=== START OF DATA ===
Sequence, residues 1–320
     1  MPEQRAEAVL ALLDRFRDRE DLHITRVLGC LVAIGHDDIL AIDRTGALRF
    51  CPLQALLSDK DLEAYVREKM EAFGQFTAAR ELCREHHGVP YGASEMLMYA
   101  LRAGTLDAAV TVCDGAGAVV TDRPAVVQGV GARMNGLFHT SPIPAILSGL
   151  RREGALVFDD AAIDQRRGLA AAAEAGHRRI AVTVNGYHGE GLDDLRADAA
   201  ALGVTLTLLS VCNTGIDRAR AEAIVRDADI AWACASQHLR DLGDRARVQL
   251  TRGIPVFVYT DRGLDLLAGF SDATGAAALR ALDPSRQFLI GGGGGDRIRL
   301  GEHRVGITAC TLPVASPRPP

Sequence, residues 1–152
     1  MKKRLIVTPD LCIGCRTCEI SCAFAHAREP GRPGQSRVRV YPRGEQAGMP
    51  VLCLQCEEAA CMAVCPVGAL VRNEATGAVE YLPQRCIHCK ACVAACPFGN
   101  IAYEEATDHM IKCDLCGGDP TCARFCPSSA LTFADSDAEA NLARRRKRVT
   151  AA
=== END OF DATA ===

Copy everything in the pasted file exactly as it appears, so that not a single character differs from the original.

Sequence, residues 1–320
     1  MPEQRAEAVL ALLDRFRDRE DLHITRVLGC LVAIGHDDIL AIDRTGALRF
    51  CPLQALLSDK DLEAYVREKM EAFGQFTAAR ELCREHHGVP YGASEMLMYA
   101  LRAGTLDAAV TVCDGAGAVV TDRPAVVQGV GARMNGLFHT SPIPAILSGL
   151  RREGALVFDD AAIDQRRGLA AAAEAGHRRI AVTVNGYHGE GLDDLRADAA
   201  ALGVTLTLLS VCNTGIDRAR AEAIVRDADI AWACASQHLR DLGDRARVQL
   251  TRGIPVFVYT DRGLDLLAGF SDATGAAALR ALDPSRQFLI GGGGGDRIRL
   301  GEHRVGITAC TLPVASPRPP

Sequence, residues 1–152
     1  MKKRLIVTPD LCIGCRTCEI SCAFAHAREP GRPGQSRVRV YPRGEQAGMP
    51  VLCLQCEEAA CMAVCPVGAL VRNEATGAVE YLPQRCIHCK ACVAACPFGN
   101  IAYEEATDHM IKCDLCGGDP TCARFCPSSA LTFADSDAEA NLARRRKRVT
   151  AA